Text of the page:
You don’t really start to see legitimate staging in headphones until you’re somewhat into the triple digit price range, but the staging of the ER3SEs is pretty incredible yet still for their price. I distinctly remember playing Van Halen’s “Hot For Teacher” when I first started listening to these – there’s a sound of an empty bottle tipping over and clanging on a hard floor during the guitar bridge, and I swear when I heard it, I actually glanced over my right shoulder because for a moment I actually thought a bottle had toppled over behind me. If you close your eyes while listening, you really can picture what feels like a drummer over here, a guitarist over there, etc. It’s quite easy to focus on individual instruments with how good the detail, separation, and overall staging is.
Nothing noteworthy here because there’s no bias in these headphones. Bass might seem slightly de-emphasized due to how crisp and harsh the mids can be, but, you can hear the detail of the bass just as well.
Compared to monitors:
Well, at the time of this writing, the ER3SE actually is my decided reference/monitor set for in-ear headphones – A/B testing with these is how I discern the nuances of any earbud I review. So they’re pretty darn good, like, literally the best because if there are better monitoring in-ear headphones I haven’t found them.
Excellent, which begets a warning: BE CAREFUL WITH THESE! They can get up to 120 dB with the seal, which is as loud as standing next to a jackhammer with no hearing protection – that’s loud enough to potentially cause damage in under ten minutes. The ER3SE has a comparatively high sensitivity and low resistance rating, meaning they should work fine on pretty much any device and don’t require an amplifier.
Top notch, industry leading – Etymotic Research primarily makes professional grade hearing protection and audiology equipment, and has been a pioneer of hearing protection research and development for decades. The seal/isolation is good enough that you won’t be able to hear someone talking in front of you. Good isolation also promotes ear/hearing health because it prevents the otherwise natural urge to crank up the volume to drown out background noise.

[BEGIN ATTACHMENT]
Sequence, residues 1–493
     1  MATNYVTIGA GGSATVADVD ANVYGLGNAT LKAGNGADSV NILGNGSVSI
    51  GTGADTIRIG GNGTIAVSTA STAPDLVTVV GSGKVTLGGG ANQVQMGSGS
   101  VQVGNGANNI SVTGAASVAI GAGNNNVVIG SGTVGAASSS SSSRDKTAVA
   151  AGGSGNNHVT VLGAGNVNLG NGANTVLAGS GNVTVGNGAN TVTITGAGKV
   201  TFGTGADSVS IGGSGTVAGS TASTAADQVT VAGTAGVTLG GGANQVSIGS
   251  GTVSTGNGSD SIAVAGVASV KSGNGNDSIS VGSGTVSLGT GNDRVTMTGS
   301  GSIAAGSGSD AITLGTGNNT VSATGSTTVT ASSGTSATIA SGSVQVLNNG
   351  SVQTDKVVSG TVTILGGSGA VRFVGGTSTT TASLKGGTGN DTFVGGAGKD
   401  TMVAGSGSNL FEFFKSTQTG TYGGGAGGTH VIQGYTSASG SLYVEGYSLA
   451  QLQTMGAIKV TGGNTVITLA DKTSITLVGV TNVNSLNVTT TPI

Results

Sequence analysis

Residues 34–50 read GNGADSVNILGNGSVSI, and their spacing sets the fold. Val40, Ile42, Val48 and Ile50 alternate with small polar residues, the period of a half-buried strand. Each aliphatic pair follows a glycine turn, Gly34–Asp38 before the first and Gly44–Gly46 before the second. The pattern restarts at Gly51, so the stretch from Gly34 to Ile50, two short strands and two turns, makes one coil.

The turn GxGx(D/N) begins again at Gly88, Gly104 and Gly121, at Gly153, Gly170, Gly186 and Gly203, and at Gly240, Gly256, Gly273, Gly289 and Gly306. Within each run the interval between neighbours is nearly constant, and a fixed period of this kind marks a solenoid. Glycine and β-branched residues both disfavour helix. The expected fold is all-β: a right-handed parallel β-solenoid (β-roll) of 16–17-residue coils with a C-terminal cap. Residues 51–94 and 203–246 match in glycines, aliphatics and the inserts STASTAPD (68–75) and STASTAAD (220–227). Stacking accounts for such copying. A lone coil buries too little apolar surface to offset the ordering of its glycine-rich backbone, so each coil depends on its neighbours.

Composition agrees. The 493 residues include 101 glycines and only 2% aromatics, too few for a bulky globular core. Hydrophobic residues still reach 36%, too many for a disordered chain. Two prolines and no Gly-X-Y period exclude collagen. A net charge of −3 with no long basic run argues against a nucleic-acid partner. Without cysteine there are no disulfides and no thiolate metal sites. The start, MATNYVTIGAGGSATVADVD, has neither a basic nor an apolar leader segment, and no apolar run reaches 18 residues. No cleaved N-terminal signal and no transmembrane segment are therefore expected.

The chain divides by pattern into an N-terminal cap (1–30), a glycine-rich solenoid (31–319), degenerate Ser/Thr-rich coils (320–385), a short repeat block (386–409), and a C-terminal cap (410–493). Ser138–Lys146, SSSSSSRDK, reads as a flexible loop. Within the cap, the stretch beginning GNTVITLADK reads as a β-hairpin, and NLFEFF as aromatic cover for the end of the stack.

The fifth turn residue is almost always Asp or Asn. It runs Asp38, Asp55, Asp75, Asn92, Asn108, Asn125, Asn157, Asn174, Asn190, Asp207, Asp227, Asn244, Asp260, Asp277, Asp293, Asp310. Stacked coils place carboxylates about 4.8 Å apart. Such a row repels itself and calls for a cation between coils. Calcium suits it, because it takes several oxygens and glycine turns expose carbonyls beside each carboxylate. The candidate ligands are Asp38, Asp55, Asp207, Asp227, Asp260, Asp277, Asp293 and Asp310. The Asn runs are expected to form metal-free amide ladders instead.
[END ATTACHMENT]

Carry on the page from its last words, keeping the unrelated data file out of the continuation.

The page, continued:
Two years, which for the price is a little short in my opinion, but decent coverage nonetheless.
Overall Take, As Compared To The Competition
As fantastic as these earphones are, I generally would not recommend them for extended recreational listening. Firstly, some people will find the fit intolerably uncomfortable – you really have to get the tips fairly deep into the ear canal and you’ll definitely feel pressure with a seal. Secondly, the neutral response with no styling can make the sound feel very harsh and sharp.
But the ER3SEs aren’t designed for extended recreational listening – they’re monitors designed for critical listening in a professional capacity. That said, some recreational listeners might want to really be able to experience the full detail of their music, and the ER3SEs are most likely, at the time of this writing, the best way to do that if your medium of choice is an in-ear headphone.
The other major benefit of the ER3SEs is the industry leading noise isolation, which is good enough to all but eliminate the background noise of a car or airplane. Worth mentioning though is that you can also get this benefit from their MK5 earphones – they have the same design and isolation as the ER3SE’s but cost less than a third of the price. The MK5’s sound is also more aimed toward recreational listening. You can check out our full review of those here.